While most cases would respond to antibiotic therapy, needle aspiration and intercostal drainage, few cases require further surgical management. The most common non-tubercular etiological agent is Staphylococcus. Tubercular etiology is not uncommon in India, especially due to delayed presentation, multiresistant strains, mismanaged cases, and non-compliance with antitubercular treatment amidst malnutrition and anemia. Clinical symptoms and a skiagram of the chest followed by thoracentesis are enough for diagnosis. Pleural fluid is usually diagnostic and helps in choosing the appropriate antibiotics. Further investigations and management depends on the stage of the disease. Thoracentesis alone may be sufficient for the exudative phase. In the fibrinopurulent stage, a properly sized and well-placed tube thoracostomy with underwater seal is curative in most cases. Interventional radiologists have placed small-bore catheters, specifically directed to the loculated collection and have used fibrinolytics like urokinase, streptokinase, and tissue plasminogen activator (TPA) to break loculations, ameliorate fibrous peel formation, and fibrin deposition (8,9,10). Thoracoscopic debridement and thoracoscopic decortication are alternatives with distinct advantages over thoracotmy and are indicated if there was no response with intercostal drainage. In the organizing stage, a thoracotomy (for decortication) would be required if there is loculated empyema, underlying lung disease or persistently symptomatic effusion (11). Timely institution of proper management prevents the need for any surgical intervention and avoids long-term morbid complications.
Empyema thoracis constitutes approximately 5-10% of cases seen by a pediatrician in India. Culture positivity has decreased significantly over the years as the patients receive antibiotics before presentation.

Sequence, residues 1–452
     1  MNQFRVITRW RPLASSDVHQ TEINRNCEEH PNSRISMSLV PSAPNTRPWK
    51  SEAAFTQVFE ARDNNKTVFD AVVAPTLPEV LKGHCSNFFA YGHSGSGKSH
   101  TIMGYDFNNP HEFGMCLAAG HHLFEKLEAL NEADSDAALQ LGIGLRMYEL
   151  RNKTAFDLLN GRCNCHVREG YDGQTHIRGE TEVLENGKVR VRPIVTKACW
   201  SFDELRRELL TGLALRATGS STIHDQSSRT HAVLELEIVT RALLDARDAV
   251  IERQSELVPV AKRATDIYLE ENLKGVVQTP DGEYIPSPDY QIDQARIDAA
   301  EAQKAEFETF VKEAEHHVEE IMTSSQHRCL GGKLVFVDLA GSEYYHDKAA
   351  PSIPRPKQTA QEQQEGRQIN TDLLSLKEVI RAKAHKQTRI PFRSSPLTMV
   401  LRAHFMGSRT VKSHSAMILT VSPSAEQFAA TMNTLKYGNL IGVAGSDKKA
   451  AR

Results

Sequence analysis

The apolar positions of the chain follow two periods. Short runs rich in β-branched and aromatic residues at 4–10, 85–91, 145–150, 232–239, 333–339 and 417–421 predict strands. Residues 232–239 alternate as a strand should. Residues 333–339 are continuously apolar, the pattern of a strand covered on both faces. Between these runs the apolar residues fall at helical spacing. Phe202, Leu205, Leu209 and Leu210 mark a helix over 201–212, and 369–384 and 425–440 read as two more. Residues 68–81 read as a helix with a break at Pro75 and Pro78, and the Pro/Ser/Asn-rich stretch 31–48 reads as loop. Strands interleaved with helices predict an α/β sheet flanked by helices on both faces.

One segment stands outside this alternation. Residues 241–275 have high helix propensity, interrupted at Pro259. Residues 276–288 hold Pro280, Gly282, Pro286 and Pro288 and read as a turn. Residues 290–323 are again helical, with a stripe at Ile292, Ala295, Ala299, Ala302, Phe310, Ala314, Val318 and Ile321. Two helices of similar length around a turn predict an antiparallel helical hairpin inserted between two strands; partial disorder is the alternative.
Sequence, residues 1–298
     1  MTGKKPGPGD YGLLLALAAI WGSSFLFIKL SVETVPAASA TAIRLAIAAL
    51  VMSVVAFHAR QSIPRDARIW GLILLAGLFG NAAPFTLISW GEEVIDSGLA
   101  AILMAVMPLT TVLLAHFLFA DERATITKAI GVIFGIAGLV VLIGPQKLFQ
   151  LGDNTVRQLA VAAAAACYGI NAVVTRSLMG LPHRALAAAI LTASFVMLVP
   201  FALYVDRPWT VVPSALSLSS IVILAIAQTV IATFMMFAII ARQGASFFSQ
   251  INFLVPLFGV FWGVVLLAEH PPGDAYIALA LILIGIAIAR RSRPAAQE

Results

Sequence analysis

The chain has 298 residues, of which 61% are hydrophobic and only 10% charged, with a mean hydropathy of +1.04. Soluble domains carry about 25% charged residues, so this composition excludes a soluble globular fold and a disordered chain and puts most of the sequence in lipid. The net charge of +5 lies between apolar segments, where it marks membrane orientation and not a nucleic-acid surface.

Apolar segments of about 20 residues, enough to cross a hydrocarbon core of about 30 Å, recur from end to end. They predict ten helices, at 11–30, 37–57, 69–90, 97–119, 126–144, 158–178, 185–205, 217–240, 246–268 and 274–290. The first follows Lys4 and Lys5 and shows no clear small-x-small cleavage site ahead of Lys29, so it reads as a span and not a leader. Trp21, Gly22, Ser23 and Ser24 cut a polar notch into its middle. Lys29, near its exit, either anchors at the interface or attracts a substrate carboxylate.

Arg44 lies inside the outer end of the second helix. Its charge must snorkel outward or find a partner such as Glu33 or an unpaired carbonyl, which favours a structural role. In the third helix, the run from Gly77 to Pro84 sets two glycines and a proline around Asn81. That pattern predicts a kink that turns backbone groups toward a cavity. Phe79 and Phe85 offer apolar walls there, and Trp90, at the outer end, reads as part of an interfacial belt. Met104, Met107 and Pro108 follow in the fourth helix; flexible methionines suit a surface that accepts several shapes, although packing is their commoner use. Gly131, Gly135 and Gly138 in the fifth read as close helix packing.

Patients And Methods
This study comprised 60 patients up to 12 years of age treated in the pediatric surgical ward of M. Y. Hospital and M. G. M. Medical College, Indore, from January 2006 to October 2007.
This study is a prospective study in which the diagnosis of post-pneumonic or tubercular empyema was made using clinical examination and investigations like chest X-ray, chest ultrasonography, and CT scan of the chest.
Treatment included closed tube drainage, thoracotomy with decortication and/or lobectomy/pneumonectomy. Selection of the appropriate treatment protocol was dependant on the staging of the empyema diagnosed by USG and CT scan. Tube thoracostomy was done immediately as early as possible after diagnosis.
Closed thoracostomy was carried out with a straight chest tube (Mallecot catheter, size according to age), attached to a water seal system. Successful closed tube drainage was evidenced by improvement in clinical and radiological status within 24 to 48 hours. Continuous drainage was maintained until daily fluid output dropped to below 30ml and/or improvement in the chest radiograph was noted. The chest tube was removed when lung expansion was seen on X-ray.
Decortication was performed if there was a stage III empyema (organized stage), and if patients did not improve after tube thoracostomy. Decortication was carried out through a standard posterolateral thoracotomy with or without resections of ribs.
More extensive surgical procedures such as lobectomy/pneumonectomy were done if the lung was non-viable. As a routine, antibiotic cover was given as part of the treatment protocol to all patients. ATT was given to diagnosed tubercular empyema up to 6 months according to DOTS therapy.